Store boycotted after claim denied

November 30, 2008 1:00:00 AM PST
In Fairfield Sunday a small group of people took on a billion-dollar business.

The protestors are upset that Dollar Tree stores are refusing to pay death benefits to the family of a woman killed on the job, because her death was a hate crime.

The protestors are trying to make the store pay one lost customer at a time.

"I just wanted to give you information on the Taneka Talley killing here at Dollar Tree," Jerome Curenton told a passerby at the store.

Curenton dedicated his Sunday to Taneka Talley, a single mother killed on the job inside a Dollar Tree store two years ago, but whose benefits are being denied to her 11-year old son.

"It was pretty much outrage when I saw how the company and the insurance company treated her and her family," he said.

Curenton and a few acquaintances are hoping the flyers they passed out Sunday day turn people away.

For Clamon Fountain they succeeded.

"I think they should support the child at least. Because you know his mama is gone you know," he said.

A psychiatrist who examined the white suspect has testified that he killed Talley because and only because she was black.

Now, Dollar Tree, Ace Insurance Group and a subsidiary of the Hartford, are refusing to pay death benefits. They say it was a hate crime which makes the incident personal.

State law says if it's personal, companies don't have to pay workman's comp death benefits.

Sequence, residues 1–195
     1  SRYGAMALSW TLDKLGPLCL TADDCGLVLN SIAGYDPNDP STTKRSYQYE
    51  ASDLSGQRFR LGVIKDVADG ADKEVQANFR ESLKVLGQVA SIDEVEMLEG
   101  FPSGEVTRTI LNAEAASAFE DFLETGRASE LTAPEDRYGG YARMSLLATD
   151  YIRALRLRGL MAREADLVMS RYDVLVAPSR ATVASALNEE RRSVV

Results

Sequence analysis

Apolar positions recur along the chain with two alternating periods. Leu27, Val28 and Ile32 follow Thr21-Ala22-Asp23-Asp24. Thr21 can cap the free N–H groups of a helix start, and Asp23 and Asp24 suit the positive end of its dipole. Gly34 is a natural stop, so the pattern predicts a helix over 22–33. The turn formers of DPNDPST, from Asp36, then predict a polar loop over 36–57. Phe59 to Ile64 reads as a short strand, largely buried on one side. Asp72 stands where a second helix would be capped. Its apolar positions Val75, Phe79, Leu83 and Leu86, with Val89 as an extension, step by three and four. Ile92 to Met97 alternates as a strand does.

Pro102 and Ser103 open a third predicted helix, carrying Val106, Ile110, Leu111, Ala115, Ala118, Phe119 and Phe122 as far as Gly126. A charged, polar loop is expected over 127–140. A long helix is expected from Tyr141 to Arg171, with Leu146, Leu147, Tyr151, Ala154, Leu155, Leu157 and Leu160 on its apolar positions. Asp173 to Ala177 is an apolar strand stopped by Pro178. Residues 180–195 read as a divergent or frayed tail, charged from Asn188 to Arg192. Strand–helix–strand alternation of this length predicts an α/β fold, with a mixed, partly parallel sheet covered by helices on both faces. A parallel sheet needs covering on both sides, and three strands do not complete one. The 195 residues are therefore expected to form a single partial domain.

Toni Mcintosh is not buying that argument.

"And they're saying it was more of a racial thing which I find that totally disgusting. I don't agree with it, she said.

"I'd just like to see people reconsider supporting Dollar Tree at this time. Until they either part from the Ace Insurance Company or personally do something for the family," says Curenton.

Dollar Tree told ABC7 that while Talley's killing is tragic and heartbreaking, it is still not covered by workers comp under state law.

Ace Insurance had no comment. Specialty Risk Services from the Hartford says it is not a major player.

Taneka Talley's mom stopped by for support Sunday. She's now raising Taneka's son.

"I appreciate it very much. I'm very happy. We need all the support we can get," she told ABC7.

Protestors say the next step is to take the protest to the internet and take it nationwide. They know the only way they are going to win is to hit Dollar tree where it really hurts; in the pocket book, one dollar at a time.

By the way, Dollar Tree stores reported earnings this week and unlike most in the retail sector, their quarterly profit was up 20 percent, as the company predicted holiday sales near $1.4 billion.


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